Career Tips, EMBA, MBA

How to Negotiate Salary and More on Your Job Offer

By Mary Shea Watson-
how-to-negotiate-salary-and-more-on-your-job-offer

You networked, did well in interviews, and got a job offer – but it’s not quite as strong as you’d like it to be. Now what? Negotiating a job offer can be a scary process. It causes doubt and anxiety about how your potential new employer might interpret your actions.

For UVA Darden career coach Sarita Soldz, helping the School’s Executive MBA students learn how to negotiate and do so successfully is one of her favorite parts of her job. She recently hosted a webinar with Director of Enrollment Marketing Brett Twitty and shared tips on how to negotiate and increase success through the following specific actions.

Sarita Soldz
UVA Darden Executive MBA career coach Sarita Soldz offers her negotiation tips.

1. Know your value.

How does the market value the job you’re going after? What do others in similar roles earn? For Sarita, knowing your value is the most important aspect of any compensation negotiation. To discover how the market values the role you’re pursuing, Sarita suggests a simple start: google the job title and salary. Then, visit websites like Indeed, Glassdoor and Comparably. She recommends keeping in mind the differences in salary due to geography, and to use CNN’s cost of living calculator to make those adjustments.

Sarita also encourages honest conversations with coworkers – if you’re interviewing for a new role in your current organization.

“Do your research and have a range ready for the screening interview. That’s when recruiters are typically trying to see if your expectations line up with what they plan to offer,” says Sarita. “During that initial conversation, say, ‘I’m looking for a salary between x  and y, based on the  role’s level of responsibility, geographical location and entire compensation package. What do you have budgeted for this?’ ”


2. Be positive and confident about the negotiation.

Smile and be warm to those with whom you’re negotiating an offer. Sarita asks her coachees to think of negotiating as an opportunity to create and build a relationship with your hiring manager.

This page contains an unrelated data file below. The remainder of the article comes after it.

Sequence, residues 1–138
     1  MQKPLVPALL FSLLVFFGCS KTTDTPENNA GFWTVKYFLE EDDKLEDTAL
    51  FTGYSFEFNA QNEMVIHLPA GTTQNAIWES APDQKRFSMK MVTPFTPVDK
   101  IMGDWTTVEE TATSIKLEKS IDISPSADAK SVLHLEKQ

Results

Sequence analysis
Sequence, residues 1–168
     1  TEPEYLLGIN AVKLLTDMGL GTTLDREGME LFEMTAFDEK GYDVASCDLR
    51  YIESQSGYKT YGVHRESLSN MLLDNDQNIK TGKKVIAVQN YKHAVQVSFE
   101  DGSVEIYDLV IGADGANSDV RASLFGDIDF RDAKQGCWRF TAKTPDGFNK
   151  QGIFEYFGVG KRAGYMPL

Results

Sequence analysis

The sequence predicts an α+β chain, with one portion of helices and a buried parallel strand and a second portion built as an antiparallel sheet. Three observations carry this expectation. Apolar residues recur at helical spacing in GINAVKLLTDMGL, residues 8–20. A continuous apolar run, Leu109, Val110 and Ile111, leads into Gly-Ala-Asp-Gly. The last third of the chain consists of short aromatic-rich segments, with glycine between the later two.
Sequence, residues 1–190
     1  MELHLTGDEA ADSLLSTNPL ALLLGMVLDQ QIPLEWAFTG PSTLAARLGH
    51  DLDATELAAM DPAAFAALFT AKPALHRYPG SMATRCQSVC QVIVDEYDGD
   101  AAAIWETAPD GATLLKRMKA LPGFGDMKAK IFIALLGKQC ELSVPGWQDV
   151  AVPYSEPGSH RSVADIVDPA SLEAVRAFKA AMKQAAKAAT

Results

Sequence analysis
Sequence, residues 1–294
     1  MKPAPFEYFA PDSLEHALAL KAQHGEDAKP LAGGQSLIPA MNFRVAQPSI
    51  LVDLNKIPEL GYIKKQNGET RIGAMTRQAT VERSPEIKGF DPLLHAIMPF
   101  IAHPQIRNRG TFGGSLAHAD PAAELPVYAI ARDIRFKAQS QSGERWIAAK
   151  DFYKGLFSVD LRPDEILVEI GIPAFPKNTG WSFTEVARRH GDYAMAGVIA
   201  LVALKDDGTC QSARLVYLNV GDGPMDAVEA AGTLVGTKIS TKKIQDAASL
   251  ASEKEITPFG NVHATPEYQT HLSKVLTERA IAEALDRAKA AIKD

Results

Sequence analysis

“Negotiate with confidence and a desire to collaborate,” Sarita suggests. “If you don’t ask, the answer is always no. Negotiating actually helps you strengthen that relationship with the hiring manager.”


3. Aim high and have multiple options ready.

Don’t anchor your new opportunity in your current salary. By aiming high, Sarita explains, you create an anchoring effect and give the hiring manager the opportunity to lower the offer to a number with which you’d still be comfortable.

Plan to concede on some items, too, so that you’re seen as cooperative and flexible. What are other aspects of the total compensation package that you could negotiate, too? A signing bonus, vacation days, working from home, less time traveling, and additional benefits like gym membership, can be negotiated.


4. Frame it as a win-win.

When you’re negotiating perks beyond salary, be sure to frame your negotiations so that you’re clearly outlining the benefit for the company. Sarita offers a framework for discussing less travel time, for example.

“If you’re discussing less travel time, take the company’s point of view. It might be your goal to spend more time with family, but make sure the precise value to the organization comes across,” Sarita says. “You could say, ‘In my first year, I’d like 20 percent travel rather than 40 percent given the need to be in the office to work on the company’s strategic priorities.’ ”


5. Be specific and get to an agreement sooner rather than later.

More than three rounds of negotiation can start to harm the relationship with your potential colleagues.

“You’re trying to get to a ZOPA as quickly as possible, or ‘zone of potential agreement,’ ” says Sarita. “If you’re in one spot and the company is in another, what is the zone in-between where you could come to an agreement?”

Specificity is critical in reaching that ZOPA. Sarita suggests the following clearly outlined asks, both of which invite communal discussions:

“I’m very happy to have this offer. It sounds like a great job. I was really looking for closer to this number, based on my skills.”

“I really think I deserve a 10 or 12 percent raise. Which would you like to give me?”


6. Remember that you might have to walk away.

Before you enter negotiations, Sarita says, you should know what your BATNA is, or the “best alternative to a negotiated agreement”. When should you walk away?

Know what’s most important to you in your current role or in a new job offer and be clear on what you’re not prepared to give up.